My instinctual response to any mention of Mary Berry is to immediately begin to pre-heat my oven in preparation for a bake. So, here I am, in the midst of the excitement of the start of the new season of The Great British Bake Off, staging my dramatic return to baking and blogging.
The success of this tart, much like a successful living in general, will depend almost entirely on the quality of your cheese and the sweetness of your apples.
Very much unlike life, however, the baking of this tart is a simple endeavour and perfectly suited to the lazy and the cowardly.
Summer is over in Cape Town and that is, in my opinion, very good news. Most things (and especially people) are best not viewed in bright conditions. There is just far too much light around in summer to maintain the illusion that you are attractive and the fantasy that the rest of the world it too. It is with great relief that I welcome the dimming effects of autumn and the general improvement it brings to the experience of looking around (and in the mirror).
This tart, however, speaks well of summer. Brightness, while best avoided as a quality of light, is just what I like in flavours (and what flavour could be brighter than lemon). Some of you might be alarmed by the addition of the basil to a lemon tart. It is, I suppose, an initially disturbing thought. But be assured, skittish baker, that there is nothing pesto-like about this. The basil is a sublte addition and adds a fragant pepperiness that rounds off the lemon to create a layered and exciting experience. Just think of the admiration you will cultivate in your tasters for being so very sophisticated.
A decent menu is always a source of anxiety. To be forced to select one dish and neglect all the others can be a torment. This tart is well suited for those whom, understandably, find themselves indecisive around food: it sits in that magical sweet spot between sweet and savoury, saving you the agonies of at least one decision by generously satisfing both appetites at once. For those with firmer opinions on just what it is they want to eat, the tart can be made more savoury by skimming back on the apple and adding a little potato and crisp pancetta. I would not attempt to make this tart more distinctively sweet. The caramelised onion is essential to it and an onion in a sweet is just unpermissable in any circumstances. Your sweet tooth will be far better served by another recipe.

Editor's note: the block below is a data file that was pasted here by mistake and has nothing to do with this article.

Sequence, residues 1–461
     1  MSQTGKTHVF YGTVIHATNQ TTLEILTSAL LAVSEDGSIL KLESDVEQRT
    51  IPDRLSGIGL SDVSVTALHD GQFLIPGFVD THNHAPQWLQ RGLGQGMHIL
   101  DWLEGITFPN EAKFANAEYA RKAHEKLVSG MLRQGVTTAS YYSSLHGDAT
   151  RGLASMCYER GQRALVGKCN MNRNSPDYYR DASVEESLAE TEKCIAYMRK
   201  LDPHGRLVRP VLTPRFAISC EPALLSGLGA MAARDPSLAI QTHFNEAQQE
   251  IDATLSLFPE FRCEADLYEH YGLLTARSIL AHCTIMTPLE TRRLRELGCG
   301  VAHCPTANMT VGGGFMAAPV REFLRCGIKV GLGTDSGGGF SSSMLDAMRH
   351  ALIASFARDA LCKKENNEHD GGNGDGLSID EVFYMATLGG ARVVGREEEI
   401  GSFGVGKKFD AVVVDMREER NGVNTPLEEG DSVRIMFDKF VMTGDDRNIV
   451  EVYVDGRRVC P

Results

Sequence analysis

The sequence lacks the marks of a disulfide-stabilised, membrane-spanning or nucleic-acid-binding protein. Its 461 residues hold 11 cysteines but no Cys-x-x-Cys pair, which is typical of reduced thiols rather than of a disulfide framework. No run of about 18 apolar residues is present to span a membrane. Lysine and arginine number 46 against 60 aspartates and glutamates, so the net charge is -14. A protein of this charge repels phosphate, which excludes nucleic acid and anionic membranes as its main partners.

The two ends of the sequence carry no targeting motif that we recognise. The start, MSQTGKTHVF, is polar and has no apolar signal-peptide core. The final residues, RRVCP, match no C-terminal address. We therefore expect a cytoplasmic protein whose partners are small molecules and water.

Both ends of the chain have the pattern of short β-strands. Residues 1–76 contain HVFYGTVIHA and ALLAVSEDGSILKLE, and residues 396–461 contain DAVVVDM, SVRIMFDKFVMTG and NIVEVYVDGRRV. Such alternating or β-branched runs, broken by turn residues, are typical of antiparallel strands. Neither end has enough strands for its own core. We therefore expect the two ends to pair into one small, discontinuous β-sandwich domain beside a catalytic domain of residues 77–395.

Every now and then I have a slice of cake so good that I become hell-bent on extending my life.
“Bring me a barrel full of the finest anti-oxidants known to man! All this sitting around on couches while eating cakes must be prolonged.”
The problem with this is that it’s beginning to become clear that both couches and most slices of cake (especially of the kind that makes you want to live forever) are hell-bent on destroying humanity, one slothful glutton at a time. The comfort of a couch is my surest temptation against regular exercise, which is in turn, about the best thing I have to defend myself against the artery clogging side effects of an otherwise perfectly friendly Victoria-Sponge.
Oh, I love Science! The thought of all those poorly dressed but clever people going about and discovering all kinds of mysterious and wonderful things really gets me all agog. But this love is in spite of Science’s tendency to, every now and then, rain, quite heavily, on my parade. Couches, cakes, cigarettes and sunshine- all precious too me have now taken on a bit of a sinister glow- thanks to science. (Lets just hope that science leaves looking at pictures of cats on the internet alone. It’s the last truly pure thing I have left).
Longevity is a bee that does not stay in my bonnet for very long. Far too much standing up while drinking vegetable juice to suit my sensitive disposition. And anyway, with cakes and couches few and far between I quickly begin to lose sight of my motivations for such an ambitious project.
It is then, very exciting, when science takes something entirely delicious and declares it to be a “super-food”. Tomatoes, salmon and cocoa all gorgeous and also apparently “healthy choices”. Rejoice! Rooibos is also in these ranks. Dear rooibos, with its calming wild bushy flavour and rich colour is also apparently a godsend to my insides- anti-oxidising (or some such noble behaviour) every filthy and long-neglected corner of me.
I am now in something of a habit of trying to slip rooibos into my baking. It’s actually rather simple. Rooibos is easily introduced to any baking recipe that uses a fair amount of liquid like water juice or milk. Before you use the liquid as required in the recipe, brew it with some rooibos. My very rough method is to use one tea bag per serving. However, this will naturally vary on your aims.